His inspiration in the tough times came from a little boy with muscular dystrophy who he’d met in California.

“I would go back in my mind and I would remember that little California poster child that rode on my shoulders and he had those little aluminum braces on his legs,” says Bowen. “Every time I would get down on myself, I’d think, he will never take his off. I can take my stilts off, but he will never take those braces off. And I decided then, somewhere in those first four or five days, if I have to crawl across the country, this will be done.”

Bowen wanted to re-create his bicycle journey on the 40th anniversary of the original trek. However, when his knee started giving him trouble, he opted to do it on the 38th anniversary, in 2005, before his joints had a chance to deteriorate further. The 2005 trip was sponsored by the state of Kentucky to promote the new state tourism motto introduced by Gov. Ernie Fletcher, “Unbridled Spirit.”

“Governor Fletcher made me the first Unbridled Spirit,” says Bowen. “All I had to do was ride the bicycle and talk to the public about Kentucky and how great we are, and it was incredible.”

This segment is part of Kentucky Life #2408 which originally aired on February 2, 2019. Watch the full episode here.

Paradise Point

By Leslie Potter | 11/29/18 11:23 AM

Just up the road from Barren River Lake State Park, visitors pass by a distinctive, colorful building known as Paradise Point. Visitors can drop in for a bite to eat or to peruse the artwork and the collection of what owner John Erskine refers to as junk.

“I’m a junk guy. I love junk,” says Erskine. “I can’t help it. I always tell people the difference between being on the show ‘Pickers’ and the show ‘Hoarders’ is a store, because if you can’t get rid of your junk, you’ll end up on ‘Hoarders.’ So we have a place to get rid of things. We put it out front. Anything we can put out front that will attract someone’s attention, we’re willing to do it as long as it’s PG.”

Erskine and his wife, Sebrina, ended up in the food-and-junk business in a roundabout way. It started when Erskine saw a “for sale” sign over a boat near Barren River Lake. He called the number and learned that the sign wasn’t for the boat, it was for the building.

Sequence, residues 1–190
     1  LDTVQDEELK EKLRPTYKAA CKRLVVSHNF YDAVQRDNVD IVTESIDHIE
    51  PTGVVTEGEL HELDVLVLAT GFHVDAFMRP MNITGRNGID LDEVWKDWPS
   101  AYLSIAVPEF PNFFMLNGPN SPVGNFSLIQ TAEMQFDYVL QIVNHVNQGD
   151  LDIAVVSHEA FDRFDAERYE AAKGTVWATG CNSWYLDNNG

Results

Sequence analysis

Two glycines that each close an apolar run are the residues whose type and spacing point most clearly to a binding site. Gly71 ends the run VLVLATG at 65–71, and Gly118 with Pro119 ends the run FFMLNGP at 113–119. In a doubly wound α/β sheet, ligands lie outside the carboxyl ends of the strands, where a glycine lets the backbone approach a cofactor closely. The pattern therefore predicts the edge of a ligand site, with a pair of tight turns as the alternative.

“I reluctantly decided to look at the building, and I fell in love with it and I bought it,” Erskine recalls. “And then I had to go home and tell my beautiful wife that I bought a building instead of a boat. So that’s how it all started.”

In the beginning, the shop was only open on weekends and the Erskines had no plans to get into the food business. But visitors to the Lake remembered the building from its previous life as a restaurant and would stop in looking for lunch. Eventually, they added a hot dog cart to appease the crowds.

“The best part about this place is there is an outside which is where we eat and have some art and loud music and quite a party,” says Erskine. “The inside has really morphed into more gifts. My wife loves to do that, and I love to do [the food], so it works perfect.”

Paradise Point is a source of joy for the Erskines, and they aim to share that with their customers. John worked as a chiropractor in nearby Bowling Green for 35 years. Sebrina managed his office. Five years ago, she was diagnosed with a serious illness.

“Sometimes the most awful thing turns out to be the catalyst for some of the best things,” says Erskine. “It made me stop and realize there is a time factor in my life. I’m 61. I feel young, I act young, I think young, but I’m not young. I’m at an age where I have to think about time. And what occurred to me was, how much more time do I get with my wife? So after she got well, we began to wonder about what we were doing with our practice. 35 years is a long time. I had done everything I wanted to do in my professional life, so we decided to sell everything and just dedicate our life to [Paradise Point]. It’s been an amazing journey, and she’s right here with me, healthier than ever.”